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Mortgage loan contracts typically provide a grace period—for instance, ten or fifteen days beyond the due date of an installment payment—during which time borrowers may pay the installment without penalty. When the payment is made after the expiration of the grace period, the note may authorize the imposition of a late fee. Late charges may only be assessed to the borrower if the contract specifically authorizes them. Even when late fees are permitted under the agreement, the servicer must still comply with any applicable state law before assessing the fee to the borrower’s account.

Late fees are closely regulated and often charged incorrectly. There are a myriad of overlapping, and occasionally conflicting, limits on the assessment and collection of late fees. This subsection provides an overview of the issues that are more fully developed later.

There are several types of limits on late fees:

  • • Limit on the dollar amount charged for a late fee (usually a maximum of $10 or $15);
  • • Limit on the percentage of the payment due charged for a late fee (typically four or five percent);
  • • Limit on the payment amount on which the late charge is calculated (for example, the entire amount of the payment due, including escrow amounts, or only the principal-and-interest portion of the payment due);
  • • Limit on the date on which the late charge can be assessed;
  • • Limit on the triggering event (in other words, do all sums due, including fees, have to be paid to avoid a late fee, or only principal and interest?).

What is the amount of the late charge? Most prime, conventional loans permit late fees equal to five percent of the payment amount. However, state law or other regulation may set a lower percentage or lower dollar amount for late fees.199 In these cases the lower authorization should apply.

When the late fee is determined as a percentage, the question arises as to whether the fee is based on the entire payment due or just a portion of it. Contracts may limit the payment amount on which the late charge is calculated to “principal and interest.” In these cases the calculation of late fees should exclude escrow amounts or other fees. In the case of partial payments, the question arises whether the late fee is due on the entire payment or only the portion that is not paid. For example, if the principal and interest due on the first of the month is $550, and only $540 is paid on time, is the fee calculated on the whole $550, or only on the $10 that is late? Most contracts specify that if the entire payment is not made, then the entire payment is deemed to be late,200 so that the fee would be calculated on the entire $550. But some, especially older, contracts can be read to only permit the fee to be calculated on the amount which is unpaid. State law on late charges can also provide guidance on this issue.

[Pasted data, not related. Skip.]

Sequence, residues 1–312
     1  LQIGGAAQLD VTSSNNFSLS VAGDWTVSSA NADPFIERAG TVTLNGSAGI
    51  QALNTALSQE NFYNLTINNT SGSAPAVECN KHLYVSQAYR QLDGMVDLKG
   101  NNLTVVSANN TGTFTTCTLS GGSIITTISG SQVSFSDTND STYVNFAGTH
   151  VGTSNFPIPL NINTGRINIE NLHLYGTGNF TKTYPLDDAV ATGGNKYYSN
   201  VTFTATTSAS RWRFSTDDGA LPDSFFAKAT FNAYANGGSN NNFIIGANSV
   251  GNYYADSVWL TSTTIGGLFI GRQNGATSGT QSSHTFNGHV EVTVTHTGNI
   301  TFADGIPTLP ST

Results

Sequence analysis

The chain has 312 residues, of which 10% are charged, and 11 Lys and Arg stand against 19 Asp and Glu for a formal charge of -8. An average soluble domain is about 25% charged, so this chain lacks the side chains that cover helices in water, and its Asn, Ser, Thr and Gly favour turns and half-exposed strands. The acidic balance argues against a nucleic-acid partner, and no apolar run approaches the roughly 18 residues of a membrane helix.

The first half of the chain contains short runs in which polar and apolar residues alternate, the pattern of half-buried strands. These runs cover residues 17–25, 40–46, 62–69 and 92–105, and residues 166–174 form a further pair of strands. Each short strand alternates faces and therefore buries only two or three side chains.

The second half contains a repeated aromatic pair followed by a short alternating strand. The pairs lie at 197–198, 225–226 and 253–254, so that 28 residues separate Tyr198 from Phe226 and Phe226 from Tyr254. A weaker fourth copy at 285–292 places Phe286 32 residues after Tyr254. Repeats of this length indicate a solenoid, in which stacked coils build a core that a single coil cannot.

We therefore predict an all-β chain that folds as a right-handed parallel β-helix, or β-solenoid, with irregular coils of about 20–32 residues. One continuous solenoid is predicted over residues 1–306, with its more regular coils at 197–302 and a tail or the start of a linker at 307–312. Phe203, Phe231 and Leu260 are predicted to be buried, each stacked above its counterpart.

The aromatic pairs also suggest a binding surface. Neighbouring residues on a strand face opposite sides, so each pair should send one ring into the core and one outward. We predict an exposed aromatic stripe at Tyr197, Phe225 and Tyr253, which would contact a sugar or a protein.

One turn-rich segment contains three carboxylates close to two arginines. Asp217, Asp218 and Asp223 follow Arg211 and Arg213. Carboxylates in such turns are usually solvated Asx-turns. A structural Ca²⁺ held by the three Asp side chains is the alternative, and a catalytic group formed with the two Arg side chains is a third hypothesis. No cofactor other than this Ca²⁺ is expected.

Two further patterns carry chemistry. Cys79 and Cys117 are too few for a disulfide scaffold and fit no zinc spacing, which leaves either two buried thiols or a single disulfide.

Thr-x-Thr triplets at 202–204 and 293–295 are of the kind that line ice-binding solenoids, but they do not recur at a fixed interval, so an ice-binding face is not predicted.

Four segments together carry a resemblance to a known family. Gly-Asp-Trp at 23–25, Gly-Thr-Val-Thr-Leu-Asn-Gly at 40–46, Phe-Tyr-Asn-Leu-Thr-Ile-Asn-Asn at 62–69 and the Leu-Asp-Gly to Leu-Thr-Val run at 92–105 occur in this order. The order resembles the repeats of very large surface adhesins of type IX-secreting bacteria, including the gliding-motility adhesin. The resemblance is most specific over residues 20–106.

Which limit applies? In some situations, more than one limit may apply to the imposition of late fees. Suppose, for example, that the note sets one limit (say five percent of the payment), state law at the time of the contract permitted a maximum $25 late fee, and state law at the time the late fee is imposed (based on a change in the law) allows a maximum $50 late fee. When more than one limit may apply to the imposition of late fees, the general rule is that the state law limit as of the date of the contract applies.201

When can a late charge be assessed? The general rule in state statutes and contracts is that late fees may be imposed only after the payment has not been received a certain number of days after it was due. For example, suppose a contract includes this language:

(A) Late Charges for Overdue Payments

If the Note Holder has not received the full amount of any monthly payment by the end of fifteen calendar days after the date it is due, I will pay a late charge to the Note Holder. The amount of the charge will be five percent of my overdue payment of principal and interest. I will pay this late charge promptly but only once on each payment.202

Many servicers will impose the late fee on day sixteen, but this would be improper under this language. The language specifically only permits the late fee to be charged after fifteen days after the payment was due. So if the payment is due on day one, then the end of fifteen days after day one is day sixteen, which means that the fee for the failure to make a timely payment can only be imposed on day seventeen, because the borrower should theoretically have the entire day of day sixteen in which to make the payment.